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5. Hours before serving the pie, if it is completely frozen, remove it from the freezer and onto your kitchen counter. Let it sit for about 25 minutes.  Using a large sharp knife, cut slices. After you slice it, if you’re not going to serve it right away, place it in the refrigerator. Remove the pie from the refrigerator about 30 minutes before serving so it can fully defrost.

6. If you over-defrost the pie, just place it back in the refrigerator to let it set a bit.

7. Carefully plate the pieces of pie on dessert plates and top with whipped “cream.”

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Holiday Sausage

holidaysausage

Time to start planning for Thanksgiving!  To help you with planning, I teamed up with my talented foodie friends, Jasmine Briones of SweetSimpleVegan.com and Sarah Ahn of AhnestVeggie.com to come up with a fabulous vegan Thanksgiving feast for you and your loved ones to enjoy!

Most of us dig into Thanksgiving classics once a year, which means that when the holiday rolls around, expectations are high.  That’s why we rigorously tested and strategically streamlined our recipes for all the traditional (and not-so-traditional), crowd-pleasing favorites.

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I’m confident that vegans and non-vegans alike will love our Thanksgiving menu–from the best candied sweet potatoes you ever tasted, to butternut squash mac and cheese, to traditional stuffing and super-creamy pumpkin pie.  We know how to do it right.

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Each day, starting November 1st, we will be sharing a new fall recipe on our blogs.  We’d love to see any recipes of ours recreated by you.  Please tag us in social media #YSJThanksgiving when posting photos!

To add a more “meaty” component to our menu, I decided to take my breakfast sausage recipe, which is in the app, and add a bit of a holiday spin to it.  Behold Holiday Sausage!  It’s a versatile sausage that you can crumble into sauces or soups.  I hope you and your loved ones love it as much as I do!

 

Holiday Sausage

Ingredients:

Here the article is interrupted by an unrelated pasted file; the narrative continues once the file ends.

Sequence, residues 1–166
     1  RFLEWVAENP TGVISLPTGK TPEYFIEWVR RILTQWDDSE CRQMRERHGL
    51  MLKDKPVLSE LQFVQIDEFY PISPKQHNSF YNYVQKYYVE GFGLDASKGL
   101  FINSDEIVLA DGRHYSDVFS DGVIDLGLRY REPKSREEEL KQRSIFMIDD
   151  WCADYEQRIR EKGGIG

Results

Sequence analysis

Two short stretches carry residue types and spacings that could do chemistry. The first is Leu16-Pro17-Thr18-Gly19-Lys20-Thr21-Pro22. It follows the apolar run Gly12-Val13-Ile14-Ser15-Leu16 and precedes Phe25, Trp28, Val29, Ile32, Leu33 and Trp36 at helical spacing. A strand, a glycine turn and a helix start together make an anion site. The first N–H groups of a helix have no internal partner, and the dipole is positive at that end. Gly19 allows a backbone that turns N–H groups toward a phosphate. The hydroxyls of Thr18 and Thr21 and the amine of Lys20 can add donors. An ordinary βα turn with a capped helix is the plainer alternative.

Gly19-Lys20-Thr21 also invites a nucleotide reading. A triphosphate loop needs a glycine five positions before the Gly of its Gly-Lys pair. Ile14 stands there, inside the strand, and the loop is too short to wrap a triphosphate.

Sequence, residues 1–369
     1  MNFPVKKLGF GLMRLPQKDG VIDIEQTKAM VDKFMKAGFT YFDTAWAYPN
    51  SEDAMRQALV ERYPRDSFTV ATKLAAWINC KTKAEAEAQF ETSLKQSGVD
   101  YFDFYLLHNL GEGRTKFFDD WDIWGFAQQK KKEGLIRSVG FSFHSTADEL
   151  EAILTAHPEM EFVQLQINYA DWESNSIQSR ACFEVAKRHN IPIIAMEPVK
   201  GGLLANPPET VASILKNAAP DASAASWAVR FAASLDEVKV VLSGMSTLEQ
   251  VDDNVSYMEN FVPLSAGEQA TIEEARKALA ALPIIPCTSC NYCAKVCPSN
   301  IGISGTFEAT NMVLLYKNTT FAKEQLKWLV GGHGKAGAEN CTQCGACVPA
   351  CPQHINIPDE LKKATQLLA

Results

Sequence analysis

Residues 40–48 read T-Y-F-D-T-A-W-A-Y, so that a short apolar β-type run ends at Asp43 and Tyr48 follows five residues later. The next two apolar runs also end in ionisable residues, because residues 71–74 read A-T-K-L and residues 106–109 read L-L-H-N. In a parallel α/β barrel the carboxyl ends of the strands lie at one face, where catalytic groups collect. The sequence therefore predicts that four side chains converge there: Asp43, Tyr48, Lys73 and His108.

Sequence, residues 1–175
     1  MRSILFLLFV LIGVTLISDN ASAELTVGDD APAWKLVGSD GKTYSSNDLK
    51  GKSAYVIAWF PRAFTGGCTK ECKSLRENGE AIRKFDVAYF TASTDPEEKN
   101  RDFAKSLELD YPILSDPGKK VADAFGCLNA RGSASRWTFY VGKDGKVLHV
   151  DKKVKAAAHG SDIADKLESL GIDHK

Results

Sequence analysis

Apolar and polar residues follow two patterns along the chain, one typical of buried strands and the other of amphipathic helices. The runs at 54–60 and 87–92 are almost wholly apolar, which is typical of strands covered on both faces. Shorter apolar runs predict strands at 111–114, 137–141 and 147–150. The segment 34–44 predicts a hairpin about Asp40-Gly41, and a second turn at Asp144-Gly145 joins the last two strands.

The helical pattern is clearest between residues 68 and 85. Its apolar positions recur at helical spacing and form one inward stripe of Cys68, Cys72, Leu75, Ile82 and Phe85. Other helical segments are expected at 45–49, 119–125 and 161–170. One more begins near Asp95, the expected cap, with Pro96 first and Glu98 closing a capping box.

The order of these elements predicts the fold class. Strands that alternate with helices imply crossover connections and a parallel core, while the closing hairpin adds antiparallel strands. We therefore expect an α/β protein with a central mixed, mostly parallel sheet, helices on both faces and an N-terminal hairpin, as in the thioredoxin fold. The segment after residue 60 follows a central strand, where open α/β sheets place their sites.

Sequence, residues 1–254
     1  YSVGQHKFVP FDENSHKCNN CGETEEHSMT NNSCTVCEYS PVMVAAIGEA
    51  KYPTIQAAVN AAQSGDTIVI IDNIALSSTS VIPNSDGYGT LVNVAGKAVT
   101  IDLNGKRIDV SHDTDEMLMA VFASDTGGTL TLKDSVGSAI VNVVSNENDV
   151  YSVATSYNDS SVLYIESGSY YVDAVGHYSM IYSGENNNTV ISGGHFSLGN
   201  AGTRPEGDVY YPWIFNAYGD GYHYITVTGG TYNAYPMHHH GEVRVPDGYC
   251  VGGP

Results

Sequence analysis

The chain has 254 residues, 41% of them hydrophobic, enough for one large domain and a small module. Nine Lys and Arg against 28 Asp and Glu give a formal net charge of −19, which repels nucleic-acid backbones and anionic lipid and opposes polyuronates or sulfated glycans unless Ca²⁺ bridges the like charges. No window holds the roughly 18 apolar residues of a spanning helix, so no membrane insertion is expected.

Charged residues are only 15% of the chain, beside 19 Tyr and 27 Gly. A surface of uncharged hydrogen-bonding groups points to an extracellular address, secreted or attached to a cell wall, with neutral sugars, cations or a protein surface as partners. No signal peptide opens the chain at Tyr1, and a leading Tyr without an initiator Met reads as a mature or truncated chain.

½ cup quinoa, uncooked

1 cup filtered water

2 Tbsp flax meal

6 Tbsp filtered water

2 cups crimini mushrooms, roughly chopped

1 cup walnuts

1 1/4 tsp sea salt

1 Tbsp fresh parsley, roughly chopped

2 tsp fresh sage leaves, roughly chopped

2 tsp fine thyme leaves, roughly chopped

1 tsp rosemary, chopped

1 Tbsp coconut palm sugar

½ tsp freshly grated nutmeg

½ tsp cayenne pepper

½ tsp red chili flakes

 

Directions:

1. Rinse and drain quinoa. Place the quinoa and 1 cup of filtered water in a small saucepot and cover. Cook the quinoa over medium heat. Once it has reached a boil, reduce heat to low, and simmer. The quinoa should be cooked in about 15 minutes, when all the water is absorbed. Keep an eye on it so it doesn’t burn. Set aside to cool.

2. Preheat the oven to 425 degrees F. Line a baking sheet with parchment paper or a silpat mat.

3. Add all the remaining ingredients into the food processor. Then add the cooled quinoa and process until you have a mixture that looks like ground “meat”, meaning there should not be big lumps of nuts or mushrooms.

4. Scoop 2 Tbsp of the mixture onto the baking sheet and form into round patties. I use a 1-ounce scoop to make this process easier, then I press down to make make into a sausage patty.
5. Bake in the preheated oven for 15-20 minutes or until browned.

6. Allow sausage patties to rest on the baking sheet for at least 3 minutes before transferring them to a plate.

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Kabocha Squash with Rajas Gratin

 

Version 2Now that Halloween has passed, it’s time to start planning for Thanksgiving!  To help you with planning, I teamed up with my talented foodie friends, Jasmine Briones of SweetSimpleVegan.com and Sarah Ahn of AhnestVeggie.com to come up with a fabulous vegan Thanksgiving feast for you and your loved ones to enjoy!

Most of us dig into Thanksgiving classics once a year, which means that when the holiday rolls around, expectations are high.  That’s why we rigorously tested and strategically streamlined our recipes for all the traditional (and not-so-traditional), crowd-pleasing favorites.

IMG_2794

I’m confident that vegans and non-vegans alike will love our Thanksgiving menu–from the best candied sweet potatoes you ever tasted, to butternut squash mac and cheese, to traditional stuffing and super-creamy pumpkin pie.  We know how to do it right.

IMG_2795

Each day, starting November 1st, we will be sharing a new fall recipe on our blogs.  We’d love to see any recipes of ours recreated by you.  Please tag us in social media #YSJThanksgiving when posting photos!

One of my favorite dishes in my pre-vegan days was Suzanne Goin’s kabocha squash gratin.  I thought it would be perfect for Thanksgiving, so I veganized it, and to my delight, it was delicious!  There’s a bit of sweetness from the squash, creaminess from the cashews, and a nice kick of spice from the rajas.  I hope you try this recipe and love it!